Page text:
The opinions in guest opinion op-eds represent only the viewpoints of the writer. They do not necessarily reflect those of RedState.com.)
The rise of socially-conscious investing is one reason sustainable investing is a hot new trend in financial services. These sustainability goals are institutionalized in our economic system through the use of ESG scores (environmental, social and governance).
Their utilization has exponentially increased in recent years, with 98 percent of U.S. companies now disclosing ESG scores, and more than 15,000 companies worldwide signing on the United Nations Global Compact – an initiative to use ESG for tracking the UN’s Sustainable Development Goals (SDG). This system was first sponsored by the United Nations and other international organisations like the World Economic Forum or mega-financiers such as Larry Fink.
You aren’t the only one who is confused about what ESG scores really mean. This system is confusing. Yet, the implications associated with this system’s implementation are important to understand.
ESG Scores are basically a social credit framework that allows for sustainable reporting. They are supposed to measure both financial and non-financial aspects of a company’s overall risk profile. Companies with favorable credit ratings are therefore attractive targets for investment, whereas companies with unfavorable credit ratings are “screened out.” Ultimately, their utilization alters how businesses are evaluated, grading them on the basis of their commitment to social justice and environmental causes rather than traditional financial metrics.
Although it may seem that companies have a standard by which they can objectively be evaluated, this is not the case. Multiple systems are used, each sponsored by different governments and international financial institutions. Additionally, there are numerous ratings agencies such as Moody’s and S&P, each of which applies its own unique methodology to assigning scores. Studies have even shown that a rating agency’s subjective view of the firm under observation has influenced their rating to a significant degree.
Data itself is another area that could cause confusion. Let me give you an example from the International Business Council’s (IBC) system. This ESG system incorporates 55 metrics, which range from quantitatively determined “Total R&D Expenses” and “Total Social Investment” to qualitatively determined “Purpose-Led Management.”
The metrics are subjectively weighted according the corporate stakeholder preferences, then compiled into one score. It is difficult to countenance a scenario in which that score is an accurate representation of a company’s risk profile.
These stakeholders have the power to determine these metrics. This leads us into the worst aspect of ESG: Financial elites such as banks, corporations and ratings agencies are completely in control and can alter their metrics at will. As metrics are not determined by a government agency, instead being a product of the “free market,” no oversight mechanism exists to constrain their influence.
One, it has enabled those who capitalize on and drive ESG scores, to be extremely rich, sometimes at the expense or disadvantage of others.
Investments in sustainable funds reached $50 billion by 2020. This is 10 times more than the 2018 figure. ESG’s novelty has enabled financial institutions to charge higher portfolio management fees and reap the benefits. This system allows investment banks and financial firms to generate large capital flows to any location they wish, enriching their clients and friends.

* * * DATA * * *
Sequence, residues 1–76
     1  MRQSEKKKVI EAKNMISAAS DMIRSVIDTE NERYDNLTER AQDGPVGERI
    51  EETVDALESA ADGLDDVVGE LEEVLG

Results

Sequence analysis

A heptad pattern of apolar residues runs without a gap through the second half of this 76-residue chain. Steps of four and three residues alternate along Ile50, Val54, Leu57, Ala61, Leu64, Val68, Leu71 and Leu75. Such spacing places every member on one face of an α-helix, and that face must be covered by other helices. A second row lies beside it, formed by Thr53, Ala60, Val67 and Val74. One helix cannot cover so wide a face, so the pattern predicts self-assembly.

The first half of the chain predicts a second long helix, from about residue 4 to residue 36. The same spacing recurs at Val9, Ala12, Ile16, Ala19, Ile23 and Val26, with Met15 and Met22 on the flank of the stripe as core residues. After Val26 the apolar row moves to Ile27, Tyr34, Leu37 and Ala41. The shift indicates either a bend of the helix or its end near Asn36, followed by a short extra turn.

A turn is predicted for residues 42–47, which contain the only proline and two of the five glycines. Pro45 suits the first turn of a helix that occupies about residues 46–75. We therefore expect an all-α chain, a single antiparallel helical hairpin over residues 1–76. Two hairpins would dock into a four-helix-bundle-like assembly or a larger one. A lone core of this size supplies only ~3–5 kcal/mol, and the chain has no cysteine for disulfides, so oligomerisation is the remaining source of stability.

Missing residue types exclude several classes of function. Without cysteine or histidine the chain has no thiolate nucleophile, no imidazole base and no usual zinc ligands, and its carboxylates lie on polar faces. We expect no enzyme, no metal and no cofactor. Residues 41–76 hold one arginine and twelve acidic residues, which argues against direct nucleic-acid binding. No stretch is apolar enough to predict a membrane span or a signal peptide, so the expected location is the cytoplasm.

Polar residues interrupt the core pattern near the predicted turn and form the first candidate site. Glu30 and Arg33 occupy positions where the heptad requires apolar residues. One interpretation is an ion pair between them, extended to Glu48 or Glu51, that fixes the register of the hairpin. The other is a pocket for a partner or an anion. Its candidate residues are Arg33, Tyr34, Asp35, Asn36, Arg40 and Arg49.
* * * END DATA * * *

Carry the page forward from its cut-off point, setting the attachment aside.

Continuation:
Moreover, the ESG system has been used to consolidate wealth amongst the individuals responsible for the movement’s genesis. Blackrock – the world’s largest private asset manager – recently hit $10 trillion in assets under management, powered in large part by ETFs. The iShares Global Clean Energy ETF, one of its largest ESG funds, is among the best in the world.
Blackrock’s CEO? Larry Fink. Larry Fink is the same Larry Fink, who along with Charles Schwab could be considered the founders of the whole ESG system and the move to an overall model for stakeholder governance.
The worrying precedent is being established, however, beyond the wealth consolidation issue. Blackrock is one of the most powerful Wall Street investors. They have increasingly been able, through their power over ratings and the voting blocs that they control in corporate boardrooms, to dictate small business and company affairs.
The society is also at their disposal. ESG’s creators have the power to coerce social media companies into banning content. It could also be used by the system to change consumer behavior. For example, it might encourage people to drive electric cars when they would prefer to own a petrol-powered car. ESG frameworks could be used as a way to require certain choices in food and drink, while promoting sustainable options.
Take a look at the following:
If your local government requires a large outside investment in order to finance something such as a school building or road repair, what options are available? The investors they might approach could very well coerce that government into adopting certain community-level standards in exchange for the loan, because the municipality is not considered “green enough.” In this hypothetical – yet not so far-fetched – scenario, the city’s inhabitants would be forced to abide by the municipality’s new laws and regulations, leading to severe restrictions upon their individual freedoms.
ESG systems can be modified at any moment. However, only a few elites have the power to do so. It is designed so. Public opinion is not available. Although these people have been elected to office by the public, they are still at our mercy.
Do you find that this sounds like democracy?
Jack McPherrin ([email protected]) The Heartland Institute is her research editor.